China’s ‘techno-nationalism’ and the innovation war with the US

The race for supremacy is at the heart of Beijing’s US$1 trillion investment program to dominate the technology landscape

Jiang Jinquan is hardly known outside of China. But the new director of the Central Policy Research Office has revealed the depth of Beijing’s state-run model when it comes to winning the race for technological supremacy.

In a detailed glimpse into government policy, he talked candidly about the innovation challenges facing President Xi Jinping’s ruling Communist Party.

His views make compelling reading and illustrate to the rest of the world China’s idea of “sharing technology.”    

“[We must] rid ourselves of our dependence on foreign countries – especially Western countries – for technology, equipment, and components [in critical sectors],” he wrote in the influential Study Times.

Since Jiang is part of Beijing’s high-tech brains trust, his remarks will carry the CCP stamp of approval.

Major speech

They also contradict Xi’s address last week at the World Economic Forum aimed at an international audience. Speaking via a video link, he outlined a vision of an “open world economy” and “technological  cooperation.”

The reality is slightly different and Chairman Xi created it.

For his part, Jiang was simply setting out the key points of a major speech made by his boss to provincial leaders last month. It has yet to be officially released.

“At present, the United States is imposing a technology blockade over our country to significantly disrupt our external technology exchanges and cooperation. It’s an inevitable choice [for China] to seek a self-empowerment strategy in the technology sector,” he said.

But Beijing does not only want to rival major competitors such as the US, Japan and Europe, it plans to surpass them.

Driving force

At least US$1 trillion of government investment is being pumped into the high-tech sector in the next five years as part of the “Made in China 2025” program. The policy was rolled out five years ago and it has been the driving force in reshaping the country’s technology landscape.

Massive government spending has also blurred the lines between state and private companies, fused under the Party leadership.

By “its sheer size,” China “has an inherent edge.” The country “already spends more on research and development than Japan, Germany and South Korea combined,” according to the US Senate Foreign Relations Committee.

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“Looking ahead, the US and its allies must begin to confront the task of deterring Chinese coercion – both military and economic,” Lindsey W Ford, of the Center for East Asia Policy Studies, and James Goldgeier, of the Brookings Institution, said. 

“The US should [establish] new multilateral forums between European and Indo-Pacific allies, pooling innovation advantages to counter China’s growing technological influence,” they wrote in a commentary.

Moreover, the challenges should not be underestimated.

With a fusion of state and private capital, China is now at the cutting-edge of R&D in AI or artificial intelligence, robotics and quantum computing.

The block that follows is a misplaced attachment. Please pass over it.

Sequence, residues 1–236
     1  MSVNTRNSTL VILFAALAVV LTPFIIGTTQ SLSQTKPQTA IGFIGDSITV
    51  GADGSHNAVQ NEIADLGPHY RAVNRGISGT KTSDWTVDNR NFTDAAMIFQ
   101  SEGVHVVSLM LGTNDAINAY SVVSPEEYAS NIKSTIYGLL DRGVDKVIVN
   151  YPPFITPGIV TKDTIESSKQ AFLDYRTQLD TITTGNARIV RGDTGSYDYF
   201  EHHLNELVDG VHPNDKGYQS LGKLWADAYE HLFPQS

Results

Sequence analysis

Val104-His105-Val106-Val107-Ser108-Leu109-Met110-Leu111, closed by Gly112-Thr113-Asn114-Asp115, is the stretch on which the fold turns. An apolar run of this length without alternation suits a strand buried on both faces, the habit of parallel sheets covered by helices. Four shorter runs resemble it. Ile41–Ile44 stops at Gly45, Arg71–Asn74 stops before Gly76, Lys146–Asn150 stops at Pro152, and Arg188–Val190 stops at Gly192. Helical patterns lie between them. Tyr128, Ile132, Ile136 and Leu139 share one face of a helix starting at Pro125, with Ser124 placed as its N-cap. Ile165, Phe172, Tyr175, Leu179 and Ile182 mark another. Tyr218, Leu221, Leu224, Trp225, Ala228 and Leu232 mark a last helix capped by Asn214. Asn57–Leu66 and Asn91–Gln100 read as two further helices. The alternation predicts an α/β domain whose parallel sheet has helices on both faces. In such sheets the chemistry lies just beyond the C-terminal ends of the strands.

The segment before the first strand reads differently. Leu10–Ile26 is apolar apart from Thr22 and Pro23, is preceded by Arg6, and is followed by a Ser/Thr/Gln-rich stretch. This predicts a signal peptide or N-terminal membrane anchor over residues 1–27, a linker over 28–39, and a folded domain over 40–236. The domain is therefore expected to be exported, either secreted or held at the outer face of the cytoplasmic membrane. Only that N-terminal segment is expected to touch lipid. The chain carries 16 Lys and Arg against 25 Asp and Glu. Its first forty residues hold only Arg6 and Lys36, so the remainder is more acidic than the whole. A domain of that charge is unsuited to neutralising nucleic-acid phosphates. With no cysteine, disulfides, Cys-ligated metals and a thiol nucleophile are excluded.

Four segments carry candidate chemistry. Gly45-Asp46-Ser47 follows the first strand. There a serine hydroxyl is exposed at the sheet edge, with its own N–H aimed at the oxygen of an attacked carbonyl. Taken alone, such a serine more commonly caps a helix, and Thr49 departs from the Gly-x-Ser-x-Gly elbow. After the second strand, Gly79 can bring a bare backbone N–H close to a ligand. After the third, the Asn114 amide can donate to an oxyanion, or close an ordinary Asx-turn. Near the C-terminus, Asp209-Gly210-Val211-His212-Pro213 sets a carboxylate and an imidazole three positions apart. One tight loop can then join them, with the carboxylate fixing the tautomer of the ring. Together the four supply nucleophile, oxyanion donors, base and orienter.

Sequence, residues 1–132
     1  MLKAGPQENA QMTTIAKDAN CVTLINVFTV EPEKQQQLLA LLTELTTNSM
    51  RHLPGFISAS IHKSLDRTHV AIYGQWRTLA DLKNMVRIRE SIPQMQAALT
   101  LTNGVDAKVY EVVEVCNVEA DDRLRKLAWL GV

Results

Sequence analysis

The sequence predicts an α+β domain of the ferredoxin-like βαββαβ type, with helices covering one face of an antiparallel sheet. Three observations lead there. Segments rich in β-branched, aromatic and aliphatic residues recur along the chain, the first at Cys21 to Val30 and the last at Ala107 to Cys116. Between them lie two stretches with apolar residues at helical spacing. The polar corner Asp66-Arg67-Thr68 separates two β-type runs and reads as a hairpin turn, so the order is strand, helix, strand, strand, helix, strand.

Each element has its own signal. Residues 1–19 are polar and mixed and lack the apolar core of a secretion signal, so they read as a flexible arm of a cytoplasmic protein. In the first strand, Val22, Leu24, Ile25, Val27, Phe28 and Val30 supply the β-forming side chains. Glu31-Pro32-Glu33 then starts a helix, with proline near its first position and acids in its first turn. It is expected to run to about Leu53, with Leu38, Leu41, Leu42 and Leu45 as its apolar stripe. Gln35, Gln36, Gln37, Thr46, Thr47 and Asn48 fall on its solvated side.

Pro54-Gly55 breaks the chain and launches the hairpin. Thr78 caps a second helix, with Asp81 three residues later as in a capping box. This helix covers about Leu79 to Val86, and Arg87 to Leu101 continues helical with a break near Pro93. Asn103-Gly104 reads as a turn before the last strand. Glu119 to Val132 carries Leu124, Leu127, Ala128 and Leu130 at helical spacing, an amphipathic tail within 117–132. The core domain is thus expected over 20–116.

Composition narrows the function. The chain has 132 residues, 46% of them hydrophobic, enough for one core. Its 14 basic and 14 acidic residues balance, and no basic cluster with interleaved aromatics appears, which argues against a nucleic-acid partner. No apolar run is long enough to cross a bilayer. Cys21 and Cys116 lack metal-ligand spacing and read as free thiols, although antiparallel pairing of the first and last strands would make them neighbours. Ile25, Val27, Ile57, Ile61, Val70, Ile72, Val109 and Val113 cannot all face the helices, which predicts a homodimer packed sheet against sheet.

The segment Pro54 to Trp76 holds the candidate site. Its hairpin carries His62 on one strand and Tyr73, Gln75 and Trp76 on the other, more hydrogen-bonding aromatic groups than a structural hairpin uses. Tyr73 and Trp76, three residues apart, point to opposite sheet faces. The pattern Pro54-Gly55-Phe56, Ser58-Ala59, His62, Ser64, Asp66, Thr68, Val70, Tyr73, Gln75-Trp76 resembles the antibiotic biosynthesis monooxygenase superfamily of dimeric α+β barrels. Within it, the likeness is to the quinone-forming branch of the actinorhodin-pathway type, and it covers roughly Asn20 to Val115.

Critical technologies

To speed up the process, Central Policy Research Director Jiang has called for a nation-wide plan to develop critical technologies by building “national research teams.”

The initiative includes marginalizing overseas competition in the high-tech arena despite President Xi’s “opening up” mantra. 

Reading between the lines, the aim would be to utilize the approach which spawned “national champions,” such as Alibaba, Tencent and Baidu, by freezing out foreign firms.  

Preferential state contracts would also be used in a way that has helped Huawei and ZTE dominate the 5G sector, as well as Hikvision’s AI security networks.

Still, in a move to combat Beijing’s goals, there have been calls for the US Bureau of Industry and Security to be handed a new “mandate” in dealing with issues involving national security and technology.

‘Core mission’

“The Bureau’s mandate [has] to reflect a rapidly changing world and ideological challenges [posed by] China,” James Mulvenon, of SOS International, said about the agency linked to the Department of Commerce.

“As a core mission, [it] should begin by placing the interests of the US ahead of the near-term financial interests of Silicon Valley, Wall Street, and other multinationals, which are not always aligned with US interests,” he wrote in an analysis for War On The Rocks.

“[Also,] integrate the export control agenda into the domestic “Build Back Better” [policy of President Joe Biden’s administration] to revitalize the American economy and industrial base. The old view of export controls does not match the current global or technology environment,” Mulvenon added in an essay entitled World Divided: The Conflict with Chinese Techno-Nationalism Isn’t Coming – It’s Already Here.

Along with Jiang’s remarks, Mulvenon’s comments will further resonate with Biden’s policy wonks in Washington. They will also be carefully studied in Beijing.